Theatre Reviews
The light opera 'La fill du regiment,' is a satisfyingly musical romance, photos courtesy of Winter Opera St. Louis.

Winter Opera St. Louis treats audience to another delightfully accessible and engaging opera with their production of “La fille du regiment,” by Gaetano Donizetti. In the midst of their 13th season, the company has once again managed to bring cheer to a dreary January while producing high-quality, entertaining opera with a well constructed, if fancifully sweet, story that's easy to follow.

As the Marquise of Berkenfield and her butler are traveling from their home towards Austria, they are interrupted by a battle between the French and the Tyrols. Luckily, Sergeant Sulpice soon appears and the two are assured that all will be well -- the 21st French Regiment is in control. Among the regiment is a young woman named Marie, whom the soldiers have raised as their own since they found her, a swaddled infant with a note pinned to her blanket, on the battlefield. Marie cooks and cares for the soldiers, but is more one of the boys than girlish, although a chance meeting with a local named Tonio has set her heart aflutter.

The story unfolds in genial fashion with lively singing and plenty of comedy. The soldiers reject Tonio as an appropriate suitor, so he joins the regiment to prove himself. Marie is revealed to be related to the Marquise, and goes to live with her, and to be trained in art and culture and betrothed to an unseen Duke. Marie loves Tonio, the regiment wants their daughter’s happiness and even the Marquise comes around to ensure a happy ending.

Soprano Gina Galati, a featured company member, is vivacious and energetic as the young Marie, and she remains engaging throughout the show. Her voice effortlessly covers the melodies, and she has a lot of fun during the back and forth of the regiment songs while still showcasing her control and command. Isaac Frishman is a convincing counter as the young Tonio; his voice is smooth and rich in the mid ranges, though he has no trouble reaching the higher notes. As a plus, Galati and Frishman create believable chemistry, their flirtations are amusing and, for the most part, avoid becoming distracting.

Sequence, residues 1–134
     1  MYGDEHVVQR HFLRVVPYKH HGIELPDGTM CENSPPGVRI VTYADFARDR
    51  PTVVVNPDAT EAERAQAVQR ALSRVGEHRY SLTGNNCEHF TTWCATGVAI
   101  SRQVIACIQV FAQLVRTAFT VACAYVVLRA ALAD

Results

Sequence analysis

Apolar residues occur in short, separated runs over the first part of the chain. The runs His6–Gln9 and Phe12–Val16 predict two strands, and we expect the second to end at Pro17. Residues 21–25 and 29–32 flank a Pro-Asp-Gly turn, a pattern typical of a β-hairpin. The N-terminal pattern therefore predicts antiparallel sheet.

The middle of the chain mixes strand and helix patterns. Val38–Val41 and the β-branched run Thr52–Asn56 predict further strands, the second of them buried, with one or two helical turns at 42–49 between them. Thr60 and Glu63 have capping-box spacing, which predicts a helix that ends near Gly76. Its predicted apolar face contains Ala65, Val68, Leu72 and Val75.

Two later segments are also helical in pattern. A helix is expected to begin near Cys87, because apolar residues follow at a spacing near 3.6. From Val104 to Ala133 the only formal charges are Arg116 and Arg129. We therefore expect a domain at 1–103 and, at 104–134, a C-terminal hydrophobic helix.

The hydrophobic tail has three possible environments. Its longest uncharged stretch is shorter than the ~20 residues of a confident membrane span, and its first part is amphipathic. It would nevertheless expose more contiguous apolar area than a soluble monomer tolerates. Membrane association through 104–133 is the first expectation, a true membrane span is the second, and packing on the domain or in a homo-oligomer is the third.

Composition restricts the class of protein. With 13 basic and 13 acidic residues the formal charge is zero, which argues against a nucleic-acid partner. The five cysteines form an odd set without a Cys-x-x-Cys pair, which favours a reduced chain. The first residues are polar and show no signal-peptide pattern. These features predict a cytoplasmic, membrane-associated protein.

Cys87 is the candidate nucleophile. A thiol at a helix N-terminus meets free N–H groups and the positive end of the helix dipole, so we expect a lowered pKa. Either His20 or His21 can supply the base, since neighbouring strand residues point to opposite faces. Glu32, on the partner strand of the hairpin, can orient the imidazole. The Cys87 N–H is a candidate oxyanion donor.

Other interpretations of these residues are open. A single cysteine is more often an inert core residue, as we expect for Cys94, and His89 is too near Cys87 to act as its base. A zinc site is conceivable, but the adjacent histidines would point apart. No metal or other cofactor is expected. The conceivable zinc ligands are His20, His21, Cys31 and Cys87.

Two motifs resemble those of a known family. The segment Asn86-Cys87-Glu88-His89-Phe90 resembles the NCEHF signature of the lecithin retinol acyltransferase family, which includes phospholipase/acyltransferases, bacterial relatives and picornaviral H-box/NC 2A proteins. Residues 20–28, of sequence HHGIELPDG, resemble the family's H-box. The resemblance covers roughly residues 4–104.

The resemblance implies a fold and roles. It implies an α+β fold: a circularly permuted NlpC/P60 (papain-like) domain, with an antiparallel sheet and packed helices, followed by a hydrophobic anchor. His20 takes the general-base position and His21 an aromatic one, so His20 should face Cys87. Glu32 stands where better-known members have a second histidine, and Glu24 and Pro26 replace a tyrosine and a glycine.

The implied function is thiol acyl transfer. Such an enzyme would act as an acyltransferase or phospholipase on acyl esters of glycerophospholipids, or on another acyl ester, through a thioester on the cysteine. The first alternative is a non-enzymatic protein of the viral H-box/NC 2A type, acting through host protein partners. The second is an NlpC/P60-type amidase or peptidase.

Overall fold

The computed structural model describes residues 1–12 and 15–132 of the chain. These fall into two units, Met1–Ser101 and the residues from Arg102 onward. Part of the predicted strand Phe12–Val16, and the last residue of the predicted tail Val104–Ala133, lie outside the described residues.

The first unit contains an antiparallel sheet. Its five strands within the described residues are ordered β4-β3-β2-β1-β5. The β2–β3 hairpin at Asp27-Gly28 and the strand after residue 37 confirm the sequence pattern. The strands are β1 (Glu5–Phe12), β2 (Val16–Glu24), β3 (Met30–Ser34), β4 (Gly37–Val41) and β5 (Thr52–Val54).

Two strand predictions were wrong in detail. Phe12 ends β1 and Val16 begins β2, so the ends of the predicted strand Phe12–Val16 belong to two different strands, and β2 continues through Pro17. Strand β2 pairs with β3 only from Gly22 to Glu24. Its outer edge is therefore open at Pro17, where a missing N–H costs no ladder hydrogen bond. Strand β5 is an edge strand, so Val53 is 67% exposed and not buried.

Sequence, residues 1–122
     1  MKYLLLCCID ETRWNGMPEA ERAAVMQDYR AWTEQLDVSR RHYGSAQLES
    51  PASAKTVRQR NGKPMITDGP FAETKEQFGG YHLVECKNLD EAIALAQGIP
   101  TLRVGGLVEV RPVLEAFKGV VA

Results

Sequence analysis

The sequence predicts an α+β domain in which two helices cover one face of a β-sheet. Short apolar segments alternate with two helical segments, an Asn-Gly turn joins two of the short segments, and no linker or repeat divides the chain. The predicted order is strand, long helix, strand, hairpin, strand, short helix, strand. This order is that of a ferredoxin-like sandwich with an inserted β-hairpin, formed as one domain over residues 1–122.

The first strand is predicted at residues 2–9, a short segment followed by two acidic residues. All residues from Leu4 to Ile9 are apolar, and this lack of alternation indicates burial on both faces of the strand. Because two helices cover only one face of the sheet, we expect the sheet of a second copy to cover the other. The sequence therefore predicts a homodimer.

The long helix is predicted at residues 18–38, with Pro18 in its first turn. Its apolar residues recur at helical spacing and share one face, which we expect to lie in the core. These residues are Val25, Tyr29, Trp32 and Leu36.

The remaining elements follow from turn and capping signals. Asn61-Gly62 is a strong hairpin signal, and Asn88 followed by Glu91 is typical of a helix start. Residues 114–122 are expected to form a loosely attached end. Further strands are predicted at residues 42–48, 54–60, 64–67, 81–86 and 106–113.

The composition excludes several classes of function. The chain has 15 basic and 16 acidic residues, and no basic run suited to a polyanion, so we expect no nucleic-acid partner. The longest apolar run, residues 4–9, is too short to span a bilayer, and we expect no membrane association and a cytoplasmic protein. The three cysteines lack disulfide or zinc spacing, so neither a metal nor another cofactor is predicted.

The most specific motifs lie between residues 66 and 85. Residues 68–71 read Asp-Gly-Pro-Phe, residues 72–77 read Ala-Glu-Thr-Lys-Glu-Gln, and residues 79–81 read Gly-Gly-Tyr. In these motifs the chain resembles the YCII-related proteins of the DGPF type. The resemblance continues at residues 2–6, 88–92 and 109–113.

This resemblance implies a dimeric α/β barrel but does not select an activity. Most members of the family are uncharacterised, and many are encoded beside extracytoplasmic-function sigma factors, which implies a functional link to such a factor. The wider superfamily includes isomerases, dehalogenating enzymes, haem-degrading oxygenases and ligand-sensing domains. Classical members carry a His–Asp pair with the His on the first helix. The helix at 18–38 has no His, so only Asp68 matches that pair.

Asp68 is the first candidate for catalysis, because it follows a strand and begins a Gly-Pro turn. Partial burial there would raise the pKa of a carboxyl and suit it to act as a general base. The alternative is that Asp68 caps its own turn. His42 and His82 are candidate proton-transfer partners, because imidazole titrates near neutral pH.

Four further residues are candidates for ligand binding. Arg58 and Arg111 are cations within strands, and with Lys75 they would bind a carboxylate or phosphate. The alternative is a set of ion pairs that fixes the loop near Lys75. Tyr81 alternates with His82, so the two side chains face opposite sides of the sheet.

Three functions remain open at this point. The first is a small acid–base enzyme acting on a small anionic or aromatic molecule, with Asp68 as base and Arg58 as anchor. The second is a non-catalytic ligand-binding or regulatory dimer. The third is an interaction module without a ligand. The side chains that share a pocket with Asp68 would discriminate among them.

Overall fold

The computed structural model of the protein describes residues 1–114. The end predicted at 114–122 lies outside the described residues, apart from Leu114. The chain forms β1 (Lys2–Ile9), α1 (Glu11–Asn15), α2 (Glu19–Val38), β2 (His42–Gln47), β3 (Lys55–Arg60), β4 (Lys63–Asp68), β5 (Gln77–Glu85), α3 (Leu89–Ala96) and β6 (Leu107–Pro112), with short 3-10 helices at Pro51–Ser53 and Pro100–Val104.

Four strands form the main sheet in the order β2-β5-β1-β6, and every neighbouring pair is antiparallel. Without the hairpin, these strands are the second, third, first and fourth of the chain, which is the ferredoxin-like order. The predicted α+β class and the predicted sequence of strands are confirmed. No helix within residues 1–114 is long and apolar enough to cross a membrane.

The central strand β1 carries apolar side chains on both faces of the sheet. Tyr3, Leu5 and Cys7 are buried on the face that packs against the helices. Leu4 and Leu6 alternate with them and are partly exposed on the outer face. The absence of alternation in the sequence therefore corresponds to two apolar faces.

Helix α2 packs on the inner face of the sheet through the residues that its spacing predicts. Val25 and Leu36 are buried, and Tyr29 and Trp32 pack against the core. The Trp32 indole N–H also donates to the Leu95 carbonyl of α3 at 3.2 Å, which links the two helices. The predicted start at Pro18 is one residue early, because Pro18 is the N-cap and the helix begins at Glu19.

Andrew Potter is endearingly tall and obsequiously in command as Sergeant Sulpice, with a deep, warm voice that provides balance and gravitas to the lighthearted show. He treats Galati’s Marie with genuine fondness and fatherly concern, but is never overbearing, in action or voice. Joy Hermalyn hits all the right notes as a grumpy old Marquise with a heart of gold; she’s somehow querulous and agreeable at the same time. Finally, Gary Moss, Aleksandar Dragojevic, John Richey and Liya Khaimova make the most of their supporting roles adding bright touches to the light, comedic feel of the buoyant opera.

The opera itself feels designed to please a broad audience, even the arias and runs are purposefully light and brief, and the company ensures their execution is breezy but precise. Quick touches add a final flourish to highlight the songs, and there are few long, sustained sections. The lovers harmonize pleasantly, almost seamlessly, creating a melodic duet that is easy to listen to, though it lacks somewhat in intensity. As part of the spirited and enjoyable show, the company always finds a way to reference St. Louis in its productions, which creates a fun moment of recognition that ripples through the audience and is an enjoyable touch. The production delivers a sense of place and period with its technical design and Felia Davenport’s costumes stand out, particularly Marie and the regiments' patriotic color matching.  Though the show never hits any soaring highs or devastating lows, it thoroughly entertains and conductor Edward Benyas, stage director Audrey Chait and technical director Joseph Novak have much to be pleased with in the amiable, audience friendly opera.

The cheerfully glib “La fille du regiment,” ran the weekend of January 24th at Winter Opera St. Louis. The up tempo opera, with dialogue in English and lyrics in French, was pleasantly melodic without being too complex, and the company’s production quite appealing, with quick pacing and strong voices that fully engage. Art patrons with an interest in opera, no matter their experience level, may wish to add the company’s season finale, “La Fanciulla del West (the Girl of the Golden West),” produced March 6 and March 8, to their calendars.

 

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